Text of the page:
That evening, when the men were cracking jokes and harking back to their beloved humid hometowns, a man came to the camp. He was holding on to a staff he did not need, sturdy despite the fast settling age. The dark hide cloak around his shoulders concealed him well in the dark. The sentries didn’t notice him till he asked where their leader could be found. Maktub approached the mysterious figure in the dark with caution, only relaxing when he recognised Kamau. They had managed to strike a friendship in his constant ventures for supplies.
The old man had a problem… and a plan.
He told Maktub of his woes with his disrespectful in-laws. He had come to the right place. The other man was not one to miss an opportunity. Together, they crafted a deal. Maktub would help him recover his goats for a share of the spoils. Mabruk, his Gikuyu interpreter, was not excited by the idea of aiding Wamagata, explicitly warning his commander against disobeying Purkiss’s instructions. For his efforts, he got a rebuke and was labelled a coward.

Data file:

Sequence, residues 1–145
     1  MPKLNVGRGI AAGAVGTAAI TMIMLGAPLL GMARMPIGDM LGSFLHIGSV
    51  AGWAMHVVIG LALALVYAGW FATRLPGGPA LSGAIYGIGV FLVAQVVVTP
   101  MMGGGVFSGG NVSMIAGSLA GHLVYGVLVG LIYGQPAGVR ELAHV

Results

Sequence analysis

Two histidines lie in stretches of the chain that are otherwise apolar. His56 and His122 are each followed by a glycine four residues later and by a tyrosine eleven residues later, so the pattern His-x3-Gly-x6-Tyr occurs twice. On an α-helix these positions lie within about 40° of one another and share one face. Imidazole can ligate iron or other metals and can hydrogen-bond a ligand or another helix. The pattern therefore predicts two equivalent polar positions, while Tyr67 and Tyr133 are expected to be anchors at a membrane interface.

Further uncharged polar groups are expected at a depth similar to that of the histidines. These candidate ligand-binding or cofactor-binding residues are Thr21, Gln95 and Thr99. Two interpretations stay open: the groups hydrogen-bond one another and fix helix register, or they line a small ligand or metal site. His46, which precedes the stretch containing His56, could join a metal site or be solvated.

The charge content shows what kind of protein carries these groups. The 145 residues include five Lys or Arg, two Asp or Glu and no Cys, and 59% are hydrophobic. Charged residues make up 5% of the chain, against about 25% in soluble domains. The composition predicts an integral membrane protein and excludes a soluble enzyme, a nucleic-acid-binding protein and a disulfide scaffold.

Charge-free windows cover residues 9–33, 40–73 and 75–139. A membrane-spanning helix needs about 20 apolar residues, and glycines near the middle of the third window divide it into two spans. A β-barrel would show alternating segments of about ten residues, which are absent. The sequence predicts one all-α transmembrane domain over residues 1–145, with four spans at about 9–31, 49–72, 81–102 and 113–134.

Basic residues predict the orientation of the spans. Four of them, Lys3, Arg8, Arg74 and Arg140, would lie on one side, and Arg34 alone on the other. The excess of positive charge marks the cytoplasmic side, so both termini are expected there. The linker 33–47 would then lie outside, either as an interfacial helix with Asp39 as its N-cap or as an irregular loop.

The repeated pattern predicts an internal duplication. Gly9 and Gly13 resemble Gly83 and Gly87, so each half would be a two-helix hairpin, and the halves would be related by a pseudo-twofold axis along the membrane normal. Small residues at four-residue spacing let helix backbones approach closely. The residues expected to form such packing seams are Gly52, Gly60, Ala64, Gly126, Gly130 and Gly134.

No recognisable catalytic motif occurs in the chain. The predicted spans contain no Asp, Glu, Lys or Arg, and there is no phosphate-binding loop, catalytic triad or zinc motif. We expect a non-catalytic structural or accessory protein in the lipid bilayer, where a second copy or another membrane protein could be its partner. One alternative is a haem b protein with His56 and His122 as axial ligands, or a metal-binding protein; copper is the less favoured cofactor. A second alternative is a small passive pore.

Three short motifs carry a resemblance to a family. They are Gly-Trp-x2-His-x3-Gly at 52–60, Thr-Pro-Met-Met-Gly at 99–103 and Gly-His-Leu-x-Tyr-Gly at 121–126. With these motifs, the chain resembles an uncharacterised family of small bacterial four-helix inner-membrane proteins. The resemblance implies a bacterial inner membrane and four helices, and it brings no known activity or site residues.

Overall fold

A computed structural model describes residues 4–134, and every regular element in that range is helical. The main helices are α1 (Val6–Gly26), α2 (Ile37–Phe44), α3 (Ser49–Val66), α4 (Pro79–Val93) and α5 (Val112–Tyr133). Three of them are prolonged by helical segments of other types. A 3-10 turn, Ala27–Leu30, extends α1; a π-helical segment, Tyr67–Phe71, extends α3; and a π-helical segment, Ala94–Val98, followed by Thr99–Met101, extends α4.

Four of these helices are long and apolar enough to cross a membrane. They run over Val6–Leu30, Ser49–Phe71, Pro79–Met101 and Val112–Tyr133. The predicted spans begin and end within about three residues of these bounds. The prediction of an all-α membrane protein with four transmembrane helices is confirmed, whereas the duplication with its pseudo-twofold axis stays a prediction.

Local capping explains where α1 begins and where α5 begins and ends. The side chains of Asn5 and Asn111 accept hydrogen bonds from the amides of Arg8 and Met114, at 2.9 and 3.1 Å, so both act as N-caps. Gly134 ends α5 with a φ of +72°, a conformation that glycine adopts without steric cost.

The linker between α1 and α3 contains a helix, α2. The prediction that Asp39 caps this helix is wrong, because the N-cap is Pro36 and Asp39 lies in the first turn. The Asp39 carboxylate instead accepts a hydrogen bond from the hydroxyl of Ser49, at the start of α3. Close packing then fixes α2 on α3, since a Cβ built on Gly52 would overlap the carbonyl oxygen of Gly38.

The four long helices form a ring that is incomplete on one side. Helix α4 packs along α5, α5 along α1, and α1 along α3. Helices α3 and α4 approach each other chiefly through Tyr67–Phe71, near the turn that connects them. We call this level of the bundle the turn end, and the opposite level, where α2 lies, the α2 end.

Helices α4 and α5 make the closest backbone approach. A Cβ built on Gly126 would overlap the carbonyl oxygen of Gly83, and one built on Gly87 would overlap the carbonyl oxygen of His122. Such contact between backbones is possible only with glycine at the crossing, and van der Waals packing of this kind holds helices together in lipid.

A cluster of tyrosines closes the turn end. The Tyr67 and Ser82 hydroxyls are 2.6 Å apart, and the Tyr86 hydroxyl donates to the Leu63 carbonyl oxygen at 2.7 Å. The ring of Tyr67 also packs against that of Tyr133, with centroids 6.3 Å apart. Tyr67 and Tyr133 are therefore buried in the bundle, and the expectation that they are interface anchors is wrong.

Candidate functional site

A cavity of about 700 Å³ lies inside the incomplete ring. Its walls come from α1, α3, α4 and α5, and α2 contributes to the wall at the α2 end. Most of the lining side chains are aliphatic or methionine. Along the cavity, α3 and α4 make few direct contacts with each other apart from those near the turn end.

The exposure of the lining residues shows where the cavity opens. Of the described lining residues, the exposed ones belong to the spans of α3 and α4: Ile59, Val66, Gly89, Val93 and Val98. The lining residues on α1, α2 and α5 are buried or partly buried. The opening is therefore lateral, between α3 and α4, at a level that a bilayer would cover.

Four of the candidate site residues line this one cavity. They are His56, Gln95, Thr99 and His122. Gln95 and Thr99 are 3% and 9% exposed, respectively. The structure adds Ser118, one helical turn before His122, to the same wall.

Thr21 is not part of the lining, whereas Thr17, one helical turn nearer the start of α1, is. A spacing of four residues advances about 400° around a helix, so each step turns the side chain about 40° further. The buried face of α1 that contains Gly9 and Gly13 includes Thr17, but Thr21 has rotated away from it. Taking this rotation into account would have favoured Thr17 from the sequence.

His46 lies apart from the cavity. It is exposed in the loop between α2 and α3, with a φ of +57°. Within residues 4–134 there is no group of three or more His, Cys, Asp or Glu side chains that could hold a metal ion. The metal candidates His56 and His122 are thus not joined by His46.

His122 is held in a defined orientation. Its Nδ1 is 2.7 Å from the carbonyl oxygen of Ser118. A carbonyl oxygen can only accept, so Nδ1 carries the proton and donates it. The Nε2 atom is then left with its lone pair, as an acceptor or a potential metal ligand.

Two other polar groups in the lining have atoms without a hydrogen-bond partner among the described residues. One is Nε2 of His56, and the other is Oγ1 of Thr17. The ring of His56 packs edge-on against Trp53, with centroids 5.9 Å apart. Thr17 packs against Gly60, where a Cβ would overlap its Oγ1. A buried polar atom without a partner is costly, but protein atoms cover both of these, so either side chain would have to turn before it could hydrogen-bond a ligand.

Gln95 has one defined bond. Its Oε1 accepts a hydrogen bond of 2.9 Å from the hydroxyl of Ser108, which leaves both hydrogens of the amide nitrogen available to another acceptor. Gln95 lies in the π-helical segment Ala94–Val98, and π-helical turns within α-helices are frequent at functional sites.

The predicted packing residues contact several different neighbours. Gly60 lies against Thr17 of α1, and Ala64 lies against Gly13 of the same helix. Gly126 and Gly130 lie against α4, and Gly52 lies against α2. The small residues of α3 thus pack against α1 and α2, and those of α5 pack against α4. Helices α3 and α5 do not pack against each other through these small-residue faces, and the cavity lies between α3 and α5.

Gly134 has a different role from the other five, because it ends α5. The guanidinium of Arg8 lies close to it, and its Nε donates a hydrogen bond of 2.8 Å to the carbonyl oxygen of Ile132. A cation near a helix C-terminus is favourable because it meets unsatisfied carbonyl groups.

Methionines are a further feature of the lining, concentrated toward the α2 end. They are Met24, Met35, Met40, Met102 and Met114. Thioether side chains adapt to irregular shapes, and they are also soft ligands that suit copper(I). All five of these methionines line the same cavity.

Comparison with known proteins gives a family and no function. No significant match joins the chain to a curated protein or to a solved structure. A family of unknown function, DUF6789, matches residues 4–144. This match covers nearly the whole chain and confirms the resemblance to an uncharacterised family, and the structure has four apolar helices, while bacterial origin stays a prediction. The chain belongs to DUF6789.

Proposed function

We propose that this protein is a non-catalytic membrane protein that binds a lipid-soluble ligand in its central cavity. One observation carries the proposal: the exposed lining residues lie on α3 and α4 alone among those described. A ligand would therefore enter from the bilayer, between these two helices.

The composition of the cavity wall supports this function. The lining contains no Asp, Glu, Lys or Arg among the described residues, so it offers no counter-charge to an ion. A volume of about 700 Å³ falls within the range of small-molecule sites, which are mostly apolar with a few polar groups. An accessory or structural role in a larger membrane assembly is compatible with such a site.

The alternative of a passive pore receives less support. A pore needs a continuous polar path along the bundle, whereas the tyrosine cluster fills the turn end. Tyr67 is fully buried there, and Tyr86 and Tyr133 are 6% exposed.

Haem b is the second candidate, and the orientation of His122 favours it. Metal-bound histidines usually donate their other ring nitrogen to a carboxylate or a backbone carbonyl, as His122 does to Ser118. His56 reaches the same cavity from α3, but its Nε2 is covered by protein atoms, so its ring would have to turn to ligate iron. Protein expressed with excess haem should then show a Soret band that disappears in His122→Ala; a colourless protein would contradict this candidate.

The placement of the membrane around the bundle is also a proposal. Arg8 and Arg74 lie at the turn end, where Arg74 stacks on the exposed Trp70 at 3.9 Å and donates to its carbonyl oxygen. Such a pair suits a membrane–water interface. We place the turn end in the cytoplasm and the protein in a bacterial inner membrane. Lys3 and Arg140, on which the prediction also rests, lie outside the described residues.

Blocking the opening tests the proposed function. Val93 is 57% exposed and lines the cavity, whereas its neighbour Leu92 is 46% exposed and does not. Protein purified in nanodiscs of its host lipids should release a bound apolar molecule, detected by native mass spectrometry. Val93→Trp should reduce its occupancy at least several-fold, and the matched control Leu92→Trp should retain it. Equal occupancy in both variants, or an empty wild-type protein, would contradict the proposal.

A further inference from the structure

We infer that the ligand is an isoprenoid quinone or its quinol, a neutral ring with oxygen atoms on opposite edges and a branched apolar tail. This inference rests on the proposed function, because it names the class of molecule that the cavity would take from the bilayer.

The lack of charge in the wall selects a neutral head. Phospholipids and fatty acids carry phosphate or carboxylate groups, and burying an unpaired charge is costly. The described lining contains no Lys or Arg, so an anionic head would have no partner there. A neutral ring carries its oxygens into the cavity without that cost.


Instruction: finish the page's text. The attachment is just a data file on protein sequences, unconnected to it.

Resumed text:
The next day, Maktub put together a team of ten men, propped up by several from Wandenge’s village – including three of Wandenge’s sons. He armed them all with rifles and headed for Githiga. The rest were ordered to remain at Wandenge’s till he came back for the journey back to the fort. Kiarie received the surprise visitors graciously. He pleaded and tried to reason with Kamau. He even reminded him of the old adage “uthoni ndurangagwo” – one doesn’t step all over his in-laws. Wamagata would hear none of it. He wanted his fifty goats and he wanted them there and then. Maktub considered the back and forth a waste of time. The fact that he had to rely on an interpreter didn’t help things. As his temper flared, he declared the negotiations over. Then ordered his men to grab all the animals they could.